Etymology
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prawn (n.)

"long-tailed, ten-footed shrimp-like crustacean, abundant on the shores of the British Isles," early 15c., prayne, a word of unknown origin. "No similar name found in other langs." [OED].

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Rathaus (n.)

German town hall, 1610s, from German Rathaus, literally "council house," from Rat "council" (from Proto-Germanic *redaz, from suffixed form of PIE root *re- "to reason, count") + Haus "house" (see house (n.)).

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biped (n.)
"animal with two feet," 1640s, from Latin bipedem (nominative bipes) "two-footed," as a plural noun, "men;" from bi- "two" (see bi-) + pedem (nominative pes) "foot" (from PIE root *ped- "foot"). As an adjective from 1781.
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wan (adj.)
Old English wann "dark, dusky, lacking luster," later "leaden, pale, gray," of uncertain origin, and not found in other Germanic languages. The connecting notion is colorlessness. Perhaps related to wane. Related: Wanly; wanness.
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woodcut (n.)
"engraving on wood, or a print made from one," 1660s, from wood (n.) + cut (n.).
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woody (adj.)
late 14c., "overgrown with trees and shrubs," from wood (n.) + -y (2). Of plants, "having a stem of wood," from 1570s. Related: Woodiness. Old English had wudulic. As a name for a kind of station wagon with wood panels, by 1961, U.S. surfer slang (real wood exterior panels were rare after 1951 and the last use of real wood was in the 1953 Buick Roadmaster Estate Wagon). Slang meaning "erection" attested by 1990 (for hardness).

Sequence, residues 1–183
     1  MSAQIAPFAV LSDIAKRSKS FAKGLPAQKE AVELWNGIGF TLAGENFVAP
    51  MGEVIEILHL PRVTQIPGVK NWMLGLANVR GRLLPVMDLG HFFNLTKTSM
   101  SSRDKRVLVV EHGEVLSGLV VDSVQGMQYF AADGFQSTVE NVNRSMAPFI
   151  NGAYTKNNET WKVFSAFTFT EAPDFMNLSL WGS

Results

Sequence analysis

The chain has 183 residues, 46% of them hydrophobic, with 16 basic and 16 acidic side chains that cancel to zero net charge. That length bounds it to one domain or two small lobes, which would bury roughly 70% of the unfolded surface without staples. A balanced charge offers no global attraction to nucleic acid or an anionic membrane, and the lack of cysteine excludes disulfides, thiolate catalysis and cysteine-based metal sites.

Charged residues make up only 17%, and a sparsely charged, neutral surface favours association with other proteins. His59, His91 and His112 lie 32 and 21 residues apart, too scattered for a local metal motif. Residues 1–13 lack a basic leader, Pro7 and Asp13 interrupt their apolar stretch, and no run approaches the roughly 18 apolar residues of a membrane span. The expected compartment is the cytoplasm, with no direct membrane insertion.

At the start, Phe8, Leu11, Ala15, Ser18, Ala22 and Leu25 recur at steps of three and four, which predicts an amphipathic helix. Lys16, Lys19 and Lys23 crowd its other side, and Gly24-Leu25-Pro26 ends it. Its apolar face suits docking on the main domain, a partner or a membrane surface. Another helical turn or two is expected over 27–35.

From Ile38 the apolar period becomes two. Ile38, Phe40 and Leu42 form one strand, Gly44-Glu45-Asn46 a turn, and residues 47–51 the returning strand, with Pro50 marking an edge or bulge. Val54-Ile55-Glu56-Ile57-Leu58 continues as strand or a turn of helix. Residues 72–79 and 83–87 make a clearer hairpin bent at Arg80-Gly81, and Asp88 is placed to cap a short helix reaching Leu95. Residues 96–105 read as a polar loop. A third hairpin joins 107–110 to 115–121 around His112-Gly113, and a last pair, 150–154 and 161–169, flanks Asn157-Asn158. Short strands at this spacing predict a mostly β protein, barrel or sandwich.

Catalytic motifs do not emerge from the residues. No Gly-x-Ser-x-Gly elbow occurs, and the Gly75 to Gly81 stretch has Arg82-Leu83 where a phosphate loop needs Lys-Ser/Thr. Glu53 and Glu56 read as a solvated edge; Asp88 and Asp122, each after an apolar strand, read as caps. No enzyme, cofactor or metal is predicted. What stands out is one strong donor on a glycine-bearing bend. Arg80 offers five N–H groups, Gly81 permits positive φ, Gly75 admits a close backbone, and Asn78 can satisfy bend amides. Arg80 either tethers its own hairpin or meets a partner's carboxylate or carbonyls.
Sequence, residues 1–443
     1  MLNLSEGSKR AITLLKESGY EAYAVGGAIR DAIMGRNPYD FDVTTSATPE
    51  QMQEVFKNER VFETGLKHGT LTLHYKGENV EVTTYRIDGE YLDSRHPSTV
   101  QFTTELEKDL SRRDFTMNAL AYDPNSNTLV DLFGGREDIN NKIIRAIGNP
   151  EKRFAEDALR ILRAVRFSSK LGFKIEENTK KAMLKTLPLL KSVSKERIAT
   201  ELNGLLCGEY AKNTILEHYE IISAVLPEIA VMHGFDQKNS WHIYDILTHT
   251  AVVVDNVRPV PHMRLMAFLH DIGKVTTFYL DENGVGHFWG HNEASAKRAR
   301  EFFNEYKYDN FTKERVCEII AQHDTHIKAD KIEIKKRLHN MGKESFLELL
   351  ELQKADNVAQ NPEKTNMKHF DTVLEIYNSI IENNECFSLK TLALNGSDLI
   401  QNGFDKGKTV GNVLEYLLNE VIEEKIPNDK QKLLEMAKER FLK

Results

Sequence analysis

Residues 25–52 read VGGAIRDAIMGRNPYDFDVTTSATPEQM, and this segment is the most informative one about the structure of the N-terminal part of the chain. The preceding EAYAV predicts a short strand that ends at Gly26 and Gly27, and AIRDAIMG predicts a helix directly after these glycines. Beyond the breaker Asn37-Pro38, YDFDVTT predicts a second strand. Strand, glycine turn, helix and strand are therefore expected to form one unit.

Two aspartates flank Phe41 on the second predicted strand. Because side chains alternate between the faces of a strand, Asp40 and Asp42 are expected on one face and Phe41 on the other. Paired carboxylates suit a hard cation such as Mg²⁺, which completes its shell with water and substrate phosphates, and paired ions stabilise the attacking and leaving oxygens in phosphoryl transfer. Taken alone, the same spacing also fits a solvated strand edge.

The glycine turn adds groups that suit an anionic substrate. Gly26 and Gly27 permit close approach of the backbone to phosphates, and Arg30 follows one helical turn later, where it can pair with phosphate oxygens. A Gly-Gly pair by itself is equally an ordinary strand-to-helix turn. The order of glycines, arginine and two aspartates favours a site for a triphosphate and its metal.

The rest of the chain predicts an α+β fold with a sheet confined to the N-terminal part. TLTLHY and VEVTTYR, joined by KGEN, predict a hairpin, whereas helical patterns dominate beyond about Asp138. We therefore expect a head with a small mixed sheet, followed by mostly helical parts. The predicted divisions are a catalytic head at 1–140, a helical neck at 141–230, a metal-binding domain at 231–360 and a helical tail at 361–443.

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lignin (n.)
organic substance forming the basis of wood-cells, 1821, from Latin lignum "wood" (see ligni-) + chemical suffix -in (2).
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Sylvester 
masc. proper name, from Latin silvestris, literally "of a wood, of a forest, woody, rural, pastoral," from silva "wood, forest" (see sylvan). St. Sylvester's Day is Dec. 31.
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woodbine (n.)
Old English wudubinde, a climbing plant, from wudu "wood" (see wood (n.)) + binde "wreath," related to bind (v.). Used of various climbing plants on three continents.
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nimble (adj.)

"agile, light and quick in motion, light-footed," c. 1300, nemel, from Old English næmel "quick to grasp, quick at taking" (attested but once), related to niman "to take," from Proto-Germanic *nemanan (source also of Old Saxon, Old Dutch, Gothic niman, Old Norse nema, Old Frisian nima, German nehmen "to take"), perhaps from PIE root *nem- "assign, allot; take."

With unetymological -b- attested from c. 1500 (compare limb (n.1)). Nimble-fingered is from 1620s; nimble-footed from 1590s; nimble-witted from 1610s. Related: Nimbleness. In 17c., English had nimblechaps "talkative fellow."

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